Anybody own this filmscanner?

Discussion in 'Digital Photography' started by rich_tintera@yahoo.com, Jul 12, 2007.

  1. Guest

    , Jul 12, 2007
    #1
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  2. Karl Winkler Guest

    On Jul 11, 10:08 pm, wrote:
    > Hi,
    > This deal looks interesting, and not a bad price:
    >
    > http://www.hammacher.com/publish/74083.asp?promo=electronics#
    >
    > Anybody seen one in real life? I've Googled all over trying to find it
    > somewhere else, mayhap with some reviews but no luck.
    > Thanks!
    > Rich


    Looks to be about the quality of that turntable with a USB output,
    i.e. it's certainly nowhere near a pro product or even close. It might
    WORK but I would have serious doubts about the Dmax (dynamic range),
    neutrality of the light source, and the accuracy of the overall image
    color balance.

    Real film scanners cost money but IMO are well worth it if you have a
    fair amount of slides and/or negatives and want to get some decent
    digital image files from them.

    Karl Winkler
    http://www.karlwinkler.com
    http://www.giovanniquartet.com
     
    Karl Winkler, Jul 12, 2007
    #2
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  3. Kadin2048 Guest

    In article <>,
    wrote:

    > Hi,
    > This deal looks interesting, and not a bad price:
    >
    > http://www.hammacher.com/publish/74083.asp?promo=electronics#
    >
    > Anybody seen one in real life? I've Googled all over trying to find it
    > somewhere else, mayhap with some reviews but no luck.
    > Thanks!
    > Rich


    Well, it's 1829 dpi, and that's one of the numbers they're bragging
    about. If my back-of-the-envelope calculations are correct, that's about
    4.3MP in the total image (keeping in mind the usual caveats about sensor
    pixels and color interpolation; one sensor pixel does not one "real"
    color pixel make). Whether that's good enough for you depends a lot on
    what you're scanning and what you want to do with the images.

    I don't know much about LED light sources, except that it seems like the
    quality of the white LEDs that they use could have a pretty large effect
    on the color gamut. I know that some of the Nikon and Minolta scanners
    use R,G,B LEDs (separate ones) to overcome some of the issues with white
    LEDs (at the time they were manufactured), but I don't really know how
    much of an effect that has. Scanner light sources seems to be a topic of
    much debate, you can read more about it if you want. [1]

    Personally I'd never want to buy a film scanner without knowing the
    DMax, and after buying a scanner that has mediocre DMax and being a
    little disappointed with it, I'd strongly recommend buying "as much DMax
    as you can afford," if you take contrasty photos or want to do a lot of
    negative scanning. (Slides have less dynamic range in them than film,
    and thus are a little easier to scan.)

    But if you just want to scan in a few slides for a project or something,
    I guess the $99 price is tough to beat. I wouldn't view it as an
    archival tool, though.

    Just my $.02.

    -Kadin.


    [1] One thread that turned up and seemed to have some information in it
    about types of LED sources:
    <http://photo.net/bboard/q-and-a-fetch-msg?msg_id=00EiGI>
     
    Kadin2048, Jul 13, 2007
    #3
  4. isw Guest

    isw, Jul 13, 2007
    #4
  5. Guest

    On Jul 12, 10:19 pm, Kadin2048 <> wrote:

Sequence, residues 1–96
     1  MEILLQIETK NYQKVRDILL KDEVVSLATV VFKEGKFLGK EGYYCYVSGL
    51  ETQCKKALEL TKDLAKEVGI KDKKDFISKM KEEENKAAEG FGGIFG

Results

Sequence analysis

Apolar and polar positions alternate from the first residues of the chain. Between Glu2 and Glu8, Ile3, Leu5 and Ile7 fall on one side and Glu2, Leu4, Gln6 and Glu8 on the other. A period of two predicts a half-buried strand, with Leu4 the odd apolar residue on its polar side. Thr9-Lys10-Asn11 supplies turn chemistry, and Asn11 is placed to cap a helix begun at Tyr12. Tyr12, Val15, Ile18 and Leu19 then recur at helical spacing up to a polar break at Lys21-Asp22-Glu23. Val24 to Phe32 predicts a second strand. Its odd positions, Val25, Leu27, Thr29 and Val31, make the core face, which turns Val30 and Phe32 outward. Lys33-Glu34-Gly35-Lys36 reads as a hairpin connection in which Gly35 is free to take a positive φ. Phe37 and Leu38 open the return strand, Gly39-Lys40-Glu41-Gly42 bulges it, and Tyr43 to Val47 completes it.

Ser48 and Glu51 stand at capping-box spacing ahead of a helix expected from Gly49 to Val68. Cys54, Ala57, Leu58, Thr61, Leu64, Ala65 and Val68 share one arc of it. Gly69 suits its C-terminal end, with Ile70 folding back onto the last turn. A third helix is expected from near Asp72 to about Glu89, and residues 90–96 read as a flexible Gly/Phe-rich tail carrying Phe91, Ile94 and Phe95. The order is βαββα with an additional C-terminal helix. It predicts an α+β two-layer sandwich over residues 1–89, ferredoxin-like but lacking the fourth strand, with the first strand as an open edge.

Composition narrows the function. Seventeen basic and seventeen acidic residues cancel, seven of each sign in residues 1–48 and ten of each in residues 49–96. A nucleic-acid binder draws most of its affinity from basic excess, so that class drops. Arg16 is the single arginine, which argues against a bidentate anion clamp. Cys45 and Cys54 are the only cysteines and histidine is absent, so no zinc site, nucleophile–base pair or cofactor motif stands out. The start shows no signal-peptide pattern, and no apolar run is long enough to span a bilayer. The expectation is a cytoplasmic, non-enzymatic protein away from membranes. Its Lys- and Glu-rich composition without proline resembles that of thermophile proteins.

> In article <>,
    >
    > wrote:
    > > Hi,
    > > This deal looks interesting, and not a bad price:

    >
    > > http://www.hammacher.com/publish/74083.asp?promo=electronics#

    >
    > > Anybody seen one in real life? I've Googled all over trying to find it
    > > somewhere else, mayhap with some reviews but no luck.
    > > Thanks!
    > > Rich

    >
    > Well, it's 1829 dpi, and that's one of the numbers they're bragging
    > about. If my back-of-the-envelope calculations are correct, that's about
    > 4.3MP in the total image (keeping in mind the usual caveats about sensor
    > pixels and color interpolation; one sensor pixel does not one "real"
    > color pixel make). Whether that's good enough for you depends a lot on
    > what you're scanning and what you want to do with the images.
    >
    > I don't know much about LED light sources, except that it seems like the
    > quality of the white LEDs that they use could have a pretty large effect
    > on the color gamut. I know that some of the Nikon and Minolta scanners
    > use R,G,B LEDs (separate ones) to overcome some of the issues with white
    > LEDs (at the time they were manufactured), but I don't really know how
    > much of an effect that has. Scanner light sources seems to be a topic of
    > much debate, you can read more about it if you want. [1]
    >
    > Personally I'd never want to buy a film scanner without knowing the
    > DMax, and after buying a scanner that has mediocre DMax and being a
    > little disappointed with it, I'd strongly recommend buying "as much DMax
    > as you can afford," if you take contrasty photos or want to do a lot of
    > negative scanning. (Slides have less dynamic range in them than film,
    > and thus are a little easier to scan.)
    >
    > But if you just want to scan in a few slides for a project or something,
    > I guess the $99 price is tough to beat. I wouldn't view it as an
    > archival tool, though.
    >
    > Just my $.02.
    >
    > -Kadin.
    >
    > [1] One thread that turned up and seemed to have some information in it
    > about types of LED sources:
    > <http://photo.net/bboard/q-and-a-fetch-msg?msg_id=00EiGI>


    Thanks Kadin and Karl. I appreciate the input and think I'll keep
    looking. I think a service would be a better fit for my needs.

    Rich
     
    , Jul 13, 2007
    #5
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